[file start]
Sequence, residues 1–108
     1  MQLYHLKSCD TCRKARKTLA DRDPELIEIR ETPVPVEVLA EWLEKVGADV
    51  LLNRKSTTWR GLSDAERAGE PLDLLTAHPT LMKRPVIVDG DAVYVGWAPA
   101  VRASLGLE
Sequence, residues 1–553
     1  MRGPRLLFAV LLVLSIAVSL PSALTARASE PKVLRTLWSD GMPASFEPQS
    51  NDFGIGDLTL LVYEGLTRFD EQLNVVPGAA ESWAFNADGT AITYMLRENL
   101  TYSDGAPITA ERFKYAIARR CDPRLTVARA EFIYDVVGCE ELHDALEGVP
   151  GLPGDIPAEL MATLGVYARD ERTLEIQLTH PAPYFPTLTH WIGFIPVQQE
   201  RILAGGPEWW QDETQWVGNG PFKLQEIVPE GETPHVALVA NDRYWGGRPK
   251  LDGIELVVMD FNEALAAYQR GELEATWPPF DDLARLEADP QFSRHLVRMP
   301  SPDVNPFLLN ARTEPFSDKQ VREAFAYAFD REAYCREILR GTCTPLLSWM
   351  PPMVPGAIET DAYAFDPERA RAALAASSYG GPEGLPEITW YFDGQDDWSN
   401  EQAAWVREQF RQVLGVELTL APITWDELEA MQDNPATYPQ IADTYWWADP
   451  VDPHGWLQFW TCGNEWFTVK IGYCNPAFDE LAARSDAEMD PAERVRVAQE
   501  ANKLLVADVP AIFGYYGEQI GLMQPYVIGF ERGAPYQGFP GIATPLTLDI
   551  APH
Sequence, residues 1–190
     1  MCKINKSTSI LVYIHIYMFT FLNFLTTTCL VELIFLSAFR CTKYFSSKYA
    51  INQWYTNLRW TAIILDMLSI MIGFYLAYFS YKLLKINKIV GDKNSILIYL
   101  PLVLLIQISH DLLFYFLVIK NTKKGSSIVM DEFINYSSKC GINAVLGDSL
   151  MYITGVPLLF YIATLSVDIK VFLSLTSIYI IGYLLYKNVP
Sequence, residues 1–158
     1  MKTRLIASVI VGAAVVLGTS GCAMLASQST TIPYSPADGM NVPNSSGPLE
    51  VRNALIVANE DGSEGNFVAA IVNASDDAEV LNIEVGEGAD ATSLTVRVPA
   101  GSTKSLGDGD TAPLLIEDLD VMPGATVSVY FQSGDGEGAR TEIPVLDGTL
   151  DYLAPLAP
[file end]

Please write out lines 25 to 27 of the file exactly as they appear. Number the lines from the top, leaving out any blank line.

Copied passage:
    51  VRNALIVANE DGSEGNFVAA IVNASDDAEV LNIEVGEGAD ATSLTVRVPA
   101  GSTKSLGDGD TAPLLIEDLD VMPGATVSVY FQSGDGEGAR TEIPVLDGTL
   151  DYLAPLAP